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  #14  
Old 03-03-2008, 12:56 AM
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Whitey4 Whitey4 is offline
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I can get the Futerra rolls at 45 bucks a roll, and that's 600 sq feet. That would never fly with your property sizes, but here, if I do a front yard, we're talkin two rolls. That is for a total renovation, not a slit seeding job... a total rip up, bare dirt seeding. My seed guy edumicated me when I was eyeballing the rolled straw stuff. This guy has been very helpful to me. He rents hydro seeders of all sizes, and like I said earlier, has a rep as the best seed man in the state. I trust him.

Again, I think top dressing is another property size issue. I am going to use a wheelbarrow and top dress by hand. Yer not going to do that with the property sizes you have. I think topdressing a slit seed job might not be necassary, but I like to get more organic stuff down when I can. I figure when slit seeding, is as good a time as any. Again, I won't use more than a bag of peat/compost on a 2k front lawn.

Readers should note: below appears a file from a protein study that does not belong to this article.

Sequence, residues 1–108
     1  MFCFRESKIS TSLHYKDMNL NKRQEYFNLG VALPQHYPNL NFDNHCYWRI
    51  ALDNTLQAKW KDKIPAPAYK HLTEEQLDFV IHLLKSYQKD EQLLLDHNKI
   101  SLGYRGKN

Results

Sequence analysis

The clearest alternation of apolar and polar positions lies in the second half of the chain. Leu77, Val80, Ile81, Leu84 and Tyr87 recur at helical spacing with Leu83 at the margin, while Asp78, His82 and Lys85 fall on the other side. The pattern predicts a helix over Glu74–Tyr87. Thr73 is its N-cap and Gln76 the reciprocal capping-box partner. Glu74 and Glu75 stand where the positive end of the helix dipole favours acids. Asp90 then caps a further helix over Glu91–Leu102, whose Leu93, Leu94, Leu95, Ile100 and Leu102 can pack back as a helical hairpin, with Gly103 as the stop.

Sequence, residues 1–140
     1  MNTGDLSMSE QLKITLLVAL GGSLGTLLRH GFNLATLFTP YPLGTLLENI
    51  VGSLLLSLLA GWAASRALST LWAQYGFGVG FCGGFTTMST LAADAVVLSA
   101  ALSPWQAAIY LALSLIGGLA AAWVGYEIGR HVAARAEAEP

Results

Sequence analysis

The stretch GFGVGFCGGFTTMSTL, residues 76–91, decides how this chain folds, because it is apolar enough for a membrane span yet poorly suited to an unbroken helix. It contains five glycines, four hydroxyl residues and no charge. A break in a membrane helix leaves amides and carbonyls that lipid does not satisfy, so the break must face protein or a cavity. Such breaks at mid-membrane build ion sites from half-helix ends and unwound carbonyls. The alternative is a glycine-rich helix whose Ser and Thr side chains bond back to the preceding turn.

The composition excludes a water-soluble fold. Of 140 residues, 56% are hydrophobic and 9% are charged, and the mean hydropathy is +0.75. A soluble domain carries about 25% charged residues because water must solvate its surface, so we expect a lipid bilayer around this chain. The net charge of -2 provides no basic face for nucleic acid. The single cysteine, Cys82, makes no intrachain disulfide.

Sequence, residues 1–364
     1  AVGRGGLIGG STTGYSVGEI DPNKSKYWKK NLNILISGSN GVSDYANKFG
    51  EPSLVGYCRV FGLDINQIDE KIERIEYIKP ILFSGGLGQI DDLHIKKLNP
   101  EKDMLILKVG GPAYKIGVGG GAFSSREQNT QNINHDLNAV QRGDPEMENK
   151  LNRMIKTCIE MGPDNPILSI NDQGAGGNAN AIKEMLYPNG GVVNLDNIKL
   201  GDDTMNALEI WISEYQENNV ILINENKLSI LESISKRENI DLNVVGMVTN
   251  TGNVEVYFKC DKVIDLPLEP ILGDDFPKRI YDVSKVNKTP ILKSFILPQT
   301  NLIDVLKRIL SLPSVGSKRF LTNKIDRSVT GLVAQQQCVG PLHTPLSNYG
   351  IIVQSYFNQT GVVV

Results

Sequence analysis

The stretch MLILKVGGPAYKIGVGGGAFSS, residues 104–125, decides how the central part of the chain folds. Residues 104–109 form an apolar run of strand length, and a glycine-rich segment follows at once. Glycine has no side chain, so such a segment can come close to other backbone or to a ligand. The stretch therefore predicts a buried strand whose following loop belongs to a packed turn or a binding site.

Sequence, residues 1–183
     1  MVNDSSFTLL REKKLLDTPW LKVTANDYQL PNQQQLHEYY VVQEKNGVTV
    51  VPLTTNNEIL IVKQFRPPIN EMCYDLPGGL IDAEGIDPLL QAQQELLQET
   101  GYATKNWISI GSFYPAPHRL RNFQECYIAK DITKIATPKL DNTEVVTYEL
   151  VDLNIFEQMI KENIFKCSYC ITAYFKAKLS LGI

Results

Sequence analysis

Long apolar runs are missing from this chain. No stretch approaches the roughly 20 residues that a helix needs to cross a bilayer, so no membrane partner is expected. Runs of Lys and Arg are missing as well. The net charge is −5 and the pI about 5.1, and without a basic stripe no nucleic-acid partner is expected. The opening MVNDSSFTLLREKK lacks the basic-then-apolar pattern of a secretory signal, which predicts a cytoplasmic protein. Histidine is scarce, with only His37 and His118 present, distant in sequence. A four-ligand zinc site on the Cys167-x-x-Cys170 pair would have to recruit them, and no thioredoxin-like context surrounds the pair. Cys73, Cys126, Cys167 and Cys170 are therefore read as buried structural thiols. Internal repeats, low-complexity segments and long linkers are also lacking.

Hey, is there a way to spray freakin peat/compost? LOL....
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  #15  
Old 03-03-2008, 08:22 AM
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rcreech rcreech is offline
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Funny you say that, because I heard a great way to seed in the summer is to actually slice seed and they use a hydro seeder for cover.

I looked into hydroseeding at one time, and it really isn't that great from my understanding.

But what I heard, is do the seeding and just blow on the fiber.

I am never going to do it because of the added expense, but I am sure it would work great.
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  #16  
Old 03-03-2008, 10:05 AM
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Whitey4 Whitey4 is offline
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Quote:
Originally Posted by rcreech View Post